Most vampire flicks pile sex, violence, and blood on high. Some tread into the territory of garlic, silver, and holy water as means of extermination, while others promote wooden stakes, blood disorders, and sunlight. The point is that most vampire movies do not break new ground. In contrast, The Thirst sets itself apart by transforming its central characters into vampires and viewing their blood-thirsty underworld from the inside out.
Maxx (Matt Keeslar) and Lisa (Clare Kramer) are a pair of recovering drug addicts and lovers. When Maxx discovers that Lisa is dying of cancer, Lisa leaves the ward and commits suicide. Maxx struggles with her death, but just as he ventures back into the “real world,” he spies his former flame in a bar. Wait! Isn’t Lisa dead? Is Maxx seeing things? Nope. Lisa is now a vampire — under the ruling of a madman leader named Darius (Jeremy Sisto).
As soon as Maxx learns how his lover was resurrected and reformed, he decides to join “The Family” and become a bloodsucker. Only when Darius and his clan set their sights on a Christian kids’ camp for feeding do Maxx and Lisa team up to resist all temptations and destroy their fanged friends.
The title, The Thirst, refers to the characters’ cravings for blood, love, life, and happiness. The drug addiction metaphors for vampirism are prevalent, and the characters attempt to quit cold turkey. However, with The Thirst being the second released film of 2006 to share the title, the heading reads The Thirst (2006/II) for proper clarification. Title aside, The Thirst may seem original in concept; yet, it borrows more than it pioneers.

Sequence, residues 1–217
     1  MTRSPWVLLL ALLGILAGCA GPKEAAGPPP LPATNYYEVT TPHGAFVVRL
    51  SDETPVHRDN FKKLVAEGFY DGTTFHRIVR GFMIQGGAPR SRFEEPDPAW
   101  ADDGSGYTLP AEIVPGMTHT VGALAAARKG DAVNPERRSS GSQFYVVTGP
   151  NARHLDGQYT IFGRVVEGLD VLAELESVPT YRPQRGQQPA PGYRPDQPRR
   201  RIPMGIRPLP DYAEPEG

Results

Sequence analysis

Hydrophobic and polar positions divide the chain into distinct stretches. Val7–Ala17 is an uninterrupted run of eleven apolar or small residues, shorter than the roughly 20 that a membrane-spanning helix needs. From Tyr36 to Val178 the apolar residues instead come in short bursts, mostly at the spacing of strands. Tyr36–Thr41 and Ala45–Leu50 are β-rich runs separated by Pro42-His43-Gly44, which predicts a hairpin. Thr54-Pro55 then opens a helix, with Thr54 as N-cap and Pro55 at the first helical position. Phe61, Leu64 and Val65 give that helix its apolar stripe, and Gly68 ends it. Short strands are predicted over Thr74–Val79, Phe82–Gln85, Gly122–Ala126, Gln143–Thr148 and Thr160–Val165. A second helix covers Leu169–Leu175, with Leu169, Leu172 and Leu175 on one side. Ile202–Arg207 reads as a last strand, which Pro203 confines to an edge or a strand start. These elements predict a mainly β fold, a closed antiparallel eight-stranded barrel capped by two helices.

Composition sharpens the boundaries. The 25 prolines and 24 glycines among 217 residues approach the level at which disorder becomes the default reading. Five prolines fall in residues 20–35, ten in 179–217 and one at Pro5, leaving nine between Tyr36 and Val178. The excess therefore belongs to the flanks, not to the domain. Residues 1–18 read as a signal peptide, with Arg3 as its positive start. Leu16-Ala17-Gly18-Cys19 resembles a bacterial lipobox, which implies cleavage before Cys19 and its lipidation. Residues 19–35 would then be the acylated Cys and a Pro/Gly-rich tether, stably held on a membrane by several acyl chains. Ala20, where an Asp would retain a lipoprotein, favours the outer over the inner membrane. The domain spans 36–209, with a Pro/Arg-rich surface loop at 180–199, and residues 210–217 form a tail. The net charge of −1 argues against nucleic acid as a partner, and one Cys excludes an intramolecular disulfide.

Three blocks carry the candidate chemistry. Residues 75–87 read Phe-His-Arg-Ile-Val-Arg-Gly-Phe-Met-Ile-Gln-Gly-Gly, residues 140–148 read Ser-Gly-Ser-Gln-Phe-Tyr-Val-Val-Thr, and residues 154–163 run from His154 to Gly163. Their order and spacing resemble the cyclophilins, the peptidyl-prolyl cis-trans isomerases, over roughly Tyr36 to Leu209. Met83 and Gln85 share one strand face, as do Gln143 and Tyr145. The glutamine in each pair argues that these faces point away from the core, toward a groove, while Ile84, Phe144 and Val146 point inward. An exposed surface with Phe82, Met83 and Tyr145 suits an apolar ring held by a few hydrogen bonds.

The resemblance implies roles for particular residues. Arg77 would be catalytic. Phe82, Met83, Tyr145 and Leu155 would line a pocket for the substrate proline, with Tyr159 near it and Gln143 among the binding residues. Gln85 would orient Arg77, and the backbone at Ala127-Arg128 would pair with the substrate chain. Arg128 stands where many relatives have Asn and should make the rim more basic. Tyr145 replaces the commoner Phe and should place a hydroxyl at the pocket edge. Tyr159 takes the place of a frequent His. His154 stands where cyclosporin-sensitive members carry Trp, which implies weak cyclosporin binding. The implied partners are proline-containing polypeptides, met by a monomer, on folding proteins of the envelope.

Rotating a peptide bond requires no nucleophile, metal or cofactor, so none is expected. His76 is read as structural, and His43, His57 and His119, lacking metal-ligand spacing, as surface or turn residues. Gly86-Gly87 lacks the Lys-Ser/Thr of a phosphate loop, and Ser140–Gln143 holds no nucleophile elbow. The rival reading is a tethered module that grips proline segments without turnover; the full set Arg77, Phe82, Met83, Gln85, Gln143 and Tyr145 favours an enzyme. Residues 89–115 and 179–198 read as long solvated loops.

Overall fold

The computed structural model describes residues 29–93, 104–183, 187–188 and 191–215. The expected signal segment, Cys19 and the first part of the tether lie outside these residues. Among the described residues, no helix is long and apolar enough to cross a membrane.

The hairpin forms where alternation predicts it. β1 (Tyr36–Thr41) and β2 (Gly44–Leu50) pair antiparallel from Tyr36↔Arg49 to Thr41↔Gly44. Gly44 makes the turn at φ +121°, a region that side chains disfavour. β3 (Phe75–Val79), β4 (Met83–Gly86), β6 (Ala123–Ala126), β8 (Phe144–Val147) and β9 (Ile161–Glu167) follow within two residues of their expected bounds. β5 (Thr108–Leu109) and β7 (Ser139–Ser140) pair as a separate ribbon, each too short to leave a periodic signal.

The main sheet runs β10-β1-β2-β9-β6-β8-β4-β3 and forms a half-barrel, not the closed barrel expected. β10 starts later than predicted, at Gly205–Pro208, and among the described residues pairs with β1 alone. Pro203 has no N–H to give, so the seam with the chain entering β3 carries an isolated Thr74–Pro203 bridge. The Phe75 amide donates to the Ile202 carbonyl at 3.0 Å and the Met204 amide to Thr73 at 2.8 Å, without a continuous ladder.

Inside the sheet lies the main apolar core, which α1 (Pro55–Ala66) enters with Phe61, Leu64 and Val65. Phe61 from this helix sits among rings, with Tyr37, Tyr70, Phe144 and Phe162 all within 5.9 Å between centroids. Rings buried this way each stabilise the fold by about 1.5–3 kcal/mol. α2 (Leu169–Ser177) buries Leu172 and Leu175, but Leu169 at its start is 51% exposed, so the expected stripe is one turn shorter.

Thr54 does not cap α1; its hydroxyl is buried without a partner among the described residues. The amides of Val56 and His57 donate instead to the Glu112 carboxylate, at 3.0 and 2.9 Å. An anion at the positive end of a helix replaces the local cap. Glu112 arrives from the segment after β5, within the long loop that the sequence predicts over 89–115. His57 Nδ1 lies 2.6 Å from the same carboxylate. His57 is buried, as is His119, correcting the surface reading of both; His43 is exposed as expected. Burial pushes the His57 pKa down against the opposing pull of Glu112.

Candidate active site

Advertised as “Requiem for a Dream meets Near Dark” by a subsidiary of its own production company, The Thirst is exactly what the quote claims. Seriously, if you were to play both movies side-by-side and compress the screens together, you would arrive at The Thirst. Sadly, the previous statement is not a compliment; The Thirst is more of a makeshift carbon copy rather than a meeting between the two.
On the downside, the cast is second-rate — not surprising a for B-horror feature. The dialogue (between patient and doctors most specifically) is unauthentic to the max. The blood flows like water, and the fire scenes are poorly executed. Additionally, a few of the plot points are unbelievable. For instance, the instant Maxx thinks that he sees Lisa, he runs to her gravesite and aims to dig up her corpse. Then again, the film is camp, and you know that going into it.
On the upside, the romance is credible. The Lysol quote, arrest scene, and ending are enjoyable. Fans of the genre get their fair share of T&A as expected. Furthermore, the process of watching a virgin vampire transform and try to take a bite out of his first prey is fun. Again, the film is camp, and you know that going into it.
The overall consensus, however, is that while The Thirst is not that bad for second-rate horror, it’s not that good, either. Director Jeremy Kasten’s straight-to-DVD effort makes for a skeevy late-night rental and nothing more. It doesn’t necessarily suck as much as its protagonists do, but certainly bites off more than it can chew.